This cultured pearl and diamond ring is in for sizing. When the take-in person inspected the ring, they noticed that the top portion of the ring shank had worn thin. The ring is 14-karat yellow gold.
The shank has become thin and sharp at the top portion (indicated by arrows). It will be rounded out and built up using an ABI Pulse-Arc-Welder and 14-karat yellow gold 30 gauge round wire.
It is not necessary to remove the pearl to do the build up.
The pulse-arc-welding pencil contains an electrode (arrow). The electrode is covered by a ceramic collar. Occasionally, the ceramic collar will need cleaning and reshaping. Shown in this image, the inside portion of the ceramic collar for the No. 1 size tip is being cleaned by a diamond tipped bur. (There are 5 different sized tips provided with the ABI Pulse-Arc-Welder.)
The outside portion of the tip of the ceramic collar is flattened using a diamond wheel. The welding pencil tip is reassembled and placed back in the holding device. The welding pencil is attached to the positive terminal and the alligator clip is attached to the negative terminal.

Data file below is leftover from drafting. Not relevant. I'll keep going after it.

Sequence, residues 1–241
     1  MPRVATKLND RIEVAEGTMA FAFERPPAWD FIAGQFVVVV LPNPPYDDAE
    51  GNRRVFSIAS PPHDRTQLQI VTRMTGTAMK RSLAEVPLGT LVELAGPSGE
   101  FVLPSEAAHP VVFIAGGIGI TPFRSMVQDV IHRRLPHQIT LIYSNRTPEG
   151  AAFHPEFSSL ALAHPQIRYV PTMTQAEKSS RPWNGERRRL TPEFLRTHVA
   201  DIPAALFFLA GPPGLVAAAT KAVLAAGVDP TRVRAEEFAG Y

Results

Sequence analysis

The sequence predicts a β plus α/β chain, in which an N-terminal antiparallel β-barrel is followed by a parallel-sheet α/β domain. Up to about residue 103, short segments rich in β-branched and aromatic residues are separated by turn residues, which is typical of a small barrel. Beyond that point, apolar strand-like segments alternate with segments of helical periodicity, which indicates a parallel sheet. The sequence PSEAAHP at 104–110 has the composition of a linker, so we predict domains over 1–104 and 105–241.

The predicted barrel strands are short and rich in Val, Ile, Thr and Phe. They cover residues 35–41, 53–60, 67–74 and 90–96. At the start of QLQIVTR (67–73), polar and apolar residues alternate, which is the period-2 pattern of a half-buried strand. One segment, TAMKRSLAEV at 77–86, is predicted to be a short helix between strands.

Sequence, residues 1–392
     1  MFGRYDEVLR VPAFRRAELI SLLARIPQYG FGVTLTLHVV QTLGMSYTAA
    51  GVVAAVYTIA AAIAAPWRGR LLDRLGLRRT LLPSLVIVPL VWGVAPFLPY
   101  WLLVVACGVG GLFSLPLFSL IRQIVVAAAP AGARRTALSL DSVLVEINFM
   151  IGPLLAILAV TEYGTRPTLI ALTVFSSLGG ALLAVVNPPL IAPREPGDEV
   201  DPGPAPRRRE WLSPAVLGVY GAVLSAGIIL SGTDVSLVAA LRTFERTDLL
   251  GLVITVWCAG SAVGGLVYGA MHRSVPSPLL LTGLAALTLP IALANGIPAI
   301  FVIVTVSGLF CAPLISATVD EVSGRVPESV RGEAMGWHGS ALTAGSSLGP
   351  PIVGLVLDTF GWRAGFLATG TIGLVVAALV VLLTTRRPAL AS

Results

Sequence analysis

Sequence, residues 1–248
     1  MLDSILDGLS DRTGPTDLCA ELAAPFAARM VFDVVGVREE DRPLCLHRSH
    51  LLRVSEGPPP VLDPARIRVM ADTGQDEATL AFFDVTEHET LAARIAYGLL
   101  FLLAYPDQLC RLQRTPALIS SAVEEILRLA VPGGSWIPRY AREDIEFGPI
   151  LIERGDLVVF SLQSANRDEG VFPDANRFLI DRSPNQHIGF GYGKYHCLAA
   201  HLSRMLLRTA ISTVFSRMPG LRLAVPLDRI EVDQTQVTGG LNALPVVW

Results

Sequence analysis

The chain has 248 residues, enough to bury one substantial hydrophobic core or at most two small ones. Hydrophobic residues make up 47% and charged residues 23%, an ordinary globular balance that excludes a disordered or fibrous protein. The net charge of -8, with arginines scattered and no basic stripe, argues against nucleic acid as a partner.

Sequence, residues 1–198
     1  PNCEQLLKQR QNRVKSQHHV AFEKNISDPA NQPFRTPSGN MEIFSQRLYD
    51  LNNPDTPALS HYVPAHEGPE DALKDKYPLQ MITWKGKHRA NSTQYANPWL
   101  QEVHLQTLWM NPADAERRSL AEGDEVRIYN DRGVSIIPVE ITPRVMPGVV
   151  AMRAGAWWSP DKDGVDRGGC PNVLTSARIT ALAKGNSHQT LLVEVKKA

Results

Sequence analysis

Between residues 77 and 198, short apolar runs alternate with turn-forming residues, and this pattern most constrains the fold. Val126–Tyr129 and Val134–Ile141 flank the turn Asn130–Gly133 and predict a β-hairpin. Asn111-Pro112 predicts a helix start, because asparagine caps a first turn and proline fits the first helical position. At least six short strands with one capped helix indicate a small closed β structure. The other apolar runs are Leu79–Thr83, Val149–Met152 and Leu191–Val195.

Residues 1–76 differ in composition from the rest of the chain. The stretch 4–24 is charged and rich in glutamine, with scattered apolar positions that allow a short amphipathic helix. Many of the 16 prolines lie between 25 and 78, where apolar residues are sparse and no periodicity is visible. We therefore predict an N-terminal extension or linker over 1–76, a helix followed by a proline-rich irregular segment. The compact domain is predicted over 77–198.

To begin building up the shank, the ABI pulse-arc-welder is set for 35 volts on the high energy setting. 14-karat yellow gold 30 gauge round wire is used as a filler material for building up the shank. The round wire is positioned on the edge requiring build up and the ceramic collar on the weld pencil is placed directly over the top. The electrode is recessed about 0.5 millimeters. The energy for welding is discharged by depressing the footpedal. The ABI pulse-arc-welder instantly recharges and the procedure continues until sufficient new metal has been melted to the weak area of the shank.
The alligator clip is connected to the negative terminal of the welding unit. It is attached to a third hand holding device that’s holding the ring for welding. The 30 gauge wire is held directly in the operator’s hand. It does not get hot or conduct electricity.
Through the welding process, excess soot will build up at and near the area being worked. It is easily removed by ultrasonic cleaning. For the best welding adhesion, this soot should be removed as it builds up.
Once the welding is completed, the ring is again cleaned in the ultrasonic. A rubberized abrasive was used to remove the excess material. All that’s left is polishing and cleaning.
Tack-, fusion- and pulse-arc equipment settings will differ and are based upon the volume, amount of contact and alloy of the material you are working with. Practicing using like materials will give you a parameter for the settings required for your application. Keep a record of settings and tasks for future reference.
This content is published in a handbook along with other welding applications. To get a copy of the ABI Handbook of Welding Applications for Jewelry Design and Repair, contact Janet Kirk at 401-461-4140